Howard Hawks? Martin Kasindorf? Alejandro Jodorowsky? Gene Siskel? Roger Ebert? Apocryphal?
Dear Quote Investigator: Howard Hawks was a leading director during the Golden Age of Hollywood. His oeuvre included “Scarface”, “Bringing Up Baby”, “The Big Sleep”, and “His Girl Friday”. He was never pretentious, and he followed a pragmatic strategy for creating his hugely successful motion pictures.
Hawks stated that he attempted to film three to five great scenes and no annoying or inept scenes. Accomplishing this goal generated an excellent movie. Would you please help me to find the precise phrasing Hawks used to express this thought together with an exact citation?
Quote Investigator: In November 1970 Howard Hawks attended the Chicago Film Festival, and he participated in a discussion with the audience. The interchange was transcribed and edited by Joseph McBride and Michael Wilmington, and it appeared in the 1972 book “Focus On Howard Hawks”.
The comment from Hawks presented below referenced the movie star John Wayne. The pair had created landmark movies such as “Rio Bravo” and “Red River”. Boldface added to excerpts by QI:1972, Focus On Howard Hawks, Edited by Joseph McBride, Series: Film Focus, Chapter: A Discussion with the Audience of the 1970 Chicago Film Festival, (Description: Discussion transcribed and edited … Continue reading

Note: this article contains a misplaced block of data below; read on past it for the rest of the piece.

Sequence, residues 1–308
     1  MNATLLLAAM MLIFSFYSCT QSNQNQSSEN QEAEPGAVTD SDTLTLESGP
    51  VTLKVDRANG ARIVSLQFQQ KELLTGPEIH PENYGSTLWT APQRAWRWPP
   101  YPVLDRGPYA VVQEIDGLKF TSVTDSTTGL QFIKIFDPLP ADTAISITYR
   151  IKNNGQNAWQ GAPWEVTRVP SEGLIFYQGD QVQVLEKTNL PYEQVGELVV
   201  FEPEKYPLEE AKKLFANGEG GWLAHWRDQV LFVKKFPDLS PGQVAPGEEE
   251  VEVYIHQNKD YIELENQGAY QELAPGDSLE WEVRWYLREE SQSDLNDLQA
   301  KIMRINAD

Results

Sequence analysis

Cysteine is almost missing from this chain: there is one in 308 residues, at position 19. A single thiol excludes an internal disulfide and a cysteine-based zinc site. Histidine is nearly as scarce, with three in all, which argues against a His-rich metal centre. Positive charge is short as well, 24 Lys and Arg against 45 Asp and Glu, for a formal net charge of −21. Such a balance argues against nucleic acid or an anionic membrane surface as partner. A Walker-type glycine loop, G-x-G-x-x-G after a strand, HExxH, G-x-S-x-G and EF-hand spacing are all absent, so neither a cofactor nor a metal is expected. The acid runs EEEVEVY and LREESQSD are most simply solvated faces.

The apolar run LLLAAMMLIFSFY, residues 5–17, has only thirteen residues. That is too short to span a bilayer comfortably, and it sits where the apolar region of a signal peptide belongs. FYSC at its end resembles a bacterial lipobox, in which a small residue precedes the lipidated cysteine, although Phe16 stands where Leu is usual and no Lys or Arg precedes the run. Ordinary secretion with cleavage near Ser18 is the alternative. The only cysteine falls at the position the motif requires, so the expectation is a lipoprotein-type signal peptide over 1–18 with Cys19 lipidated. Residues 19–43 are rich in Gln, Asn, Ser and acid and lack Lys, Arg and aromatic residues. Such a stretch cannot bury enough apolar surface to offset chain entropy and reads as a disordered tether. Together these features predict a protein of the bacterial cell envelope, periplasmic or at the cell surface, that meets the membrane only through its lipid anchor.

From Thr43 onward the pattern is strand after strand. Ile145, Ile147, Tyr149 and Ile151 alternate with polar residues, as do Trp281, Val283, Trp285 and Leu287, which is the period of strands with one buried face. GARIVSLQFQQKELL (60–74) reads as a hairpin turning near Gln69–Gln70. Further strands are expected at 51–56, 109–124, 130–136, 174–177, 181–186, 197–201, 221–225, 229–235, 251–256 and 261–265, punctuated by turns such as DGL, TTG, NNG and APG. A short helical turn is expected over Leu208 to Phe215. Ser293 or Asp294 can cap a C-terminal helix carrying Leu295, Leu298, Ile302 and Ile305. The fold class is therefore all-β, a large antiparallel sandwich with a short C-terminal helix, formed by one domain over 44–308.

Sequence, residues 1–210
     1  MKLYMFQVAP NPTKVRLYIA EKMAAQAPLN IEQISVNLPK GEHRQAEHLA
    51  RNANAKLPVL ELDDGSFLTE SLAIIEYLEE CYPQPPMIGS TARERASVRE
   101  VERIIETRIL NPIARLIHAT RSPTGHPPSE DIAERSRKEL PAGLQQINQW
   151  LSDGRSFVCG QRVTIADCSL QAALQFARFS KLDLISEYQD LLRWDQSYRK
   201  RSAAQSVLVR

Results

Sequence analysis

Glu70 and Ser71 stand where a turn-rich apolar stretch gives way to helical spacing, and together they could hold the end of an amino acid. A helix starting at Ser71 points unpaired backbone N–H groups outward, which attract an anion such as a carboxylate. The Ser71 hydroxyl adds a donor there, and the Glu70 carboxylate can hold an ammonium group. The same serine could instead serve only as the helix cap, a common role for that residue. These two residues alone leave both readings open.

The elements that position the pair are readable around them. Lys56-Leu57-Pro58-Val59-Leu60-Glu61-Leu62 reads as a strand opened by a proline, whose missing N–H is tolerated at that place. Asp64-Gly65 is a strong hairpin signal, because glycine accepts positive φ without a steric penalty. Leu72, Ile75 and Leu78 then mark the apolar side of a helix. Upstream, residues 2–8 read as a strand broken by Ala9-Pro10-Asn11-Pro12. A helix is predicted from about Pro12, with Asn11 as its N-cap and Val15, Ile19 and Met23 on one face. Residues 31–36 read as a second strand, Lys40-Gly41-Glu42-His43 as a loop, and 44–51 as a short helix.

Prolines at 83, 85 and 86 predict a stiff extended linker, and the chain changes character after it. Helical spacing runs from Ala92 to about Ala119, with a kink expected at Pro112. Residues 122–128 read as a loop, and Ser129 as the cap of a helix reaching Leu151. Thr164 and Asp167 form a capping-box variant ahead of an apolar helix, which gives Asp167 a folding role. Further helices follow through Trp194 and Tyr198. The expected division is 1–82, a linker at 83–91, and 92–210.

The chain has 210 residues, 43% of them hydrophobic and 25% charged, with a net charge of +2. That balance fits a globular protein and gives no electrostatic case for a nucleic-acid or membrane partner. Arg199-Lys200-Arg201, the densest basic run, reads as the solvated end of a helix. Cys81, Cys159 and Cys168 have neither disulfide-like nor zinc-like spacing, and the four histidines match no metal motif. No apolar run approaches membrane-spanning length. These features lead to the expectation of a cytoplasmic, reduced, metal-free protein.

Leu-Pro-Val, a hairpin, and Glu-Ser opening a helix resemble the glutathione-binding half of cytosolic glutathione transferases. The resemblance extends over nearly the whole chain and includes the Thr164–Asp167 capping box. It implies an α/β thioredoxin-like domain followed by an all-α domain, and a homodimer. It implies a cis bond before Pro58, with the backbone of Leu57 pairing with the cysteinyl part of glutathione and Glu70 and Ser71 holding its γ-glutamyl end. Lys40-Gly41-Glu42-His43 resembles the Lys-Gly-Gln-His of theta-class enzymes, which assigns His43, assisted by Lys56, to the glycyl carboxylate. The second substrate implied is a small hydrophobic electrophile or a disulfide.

Question: Is there any film which stands out as being particularly satisfying to you?
Answer: … I think probably the last picture that worked out well is your favorite for a while, and then you start thinking about it and you go back a little further. Not that you’re trying to make every scene a great scene, but you try not to annoy the audience. If I can make about five good scenes and not annoy the audience, it’s an awfully good picture. I told John Wayne when we started to work together, “Duke, if you can make two good scenes and not annoy the audience for the rest of the film, you’ll be a star.”
Below are additional selected citations in chronological order.
|↑1||1972, Focus On Howard Hawks, Edited by Joseph McBride, Series: Film Focus, Chapter: A Discussion with the Audience of the 1970 Chicago Film Festival, (Description: Discussion transcribed and edited by Joseph McBride and Michael Wilmington; previously published as “Do I Get to Play the Drunk This Time?: An Encounter with Howard Hawks,” in Sight and Sound, Spring 1971), Start Page 14, Quote Page 18, A Spectrum Book: Prentice-Hall, Englewood Cliffs, New Jersey. (Verified with scans)|